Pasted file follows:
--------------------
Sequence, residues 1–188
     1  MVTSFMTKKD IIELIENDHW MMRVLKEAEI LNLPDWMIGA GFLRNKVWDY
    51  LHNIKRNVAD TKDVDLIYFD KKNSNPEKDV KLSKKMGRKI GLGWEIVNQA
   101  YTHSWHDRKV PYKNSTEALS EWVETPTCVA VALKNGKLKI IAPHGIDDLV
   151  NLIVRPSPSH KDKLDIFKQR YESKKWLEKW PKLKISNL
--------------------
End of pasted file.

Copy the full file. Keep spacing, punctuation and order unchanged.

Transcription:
Sequence, residues 1–188
     1  MVTSFMTKKD IIELIENDHW MMRVLKEAEI LNLPDWMIGA GFLRNKVWDY
    51  LHNIKRNVAD TKDVDLIYFD KKNSNPEKDV KLSKKMGRKI GLGWEIVNQA
   101  YTHSWHDRKV PYKNSTEALS EWVETPTCVA VALKNGKLKI IAPHGIDDLV
   151  NLIVRPSPSH KDKLDIFKQR YESKKWLEKW PKLKISNL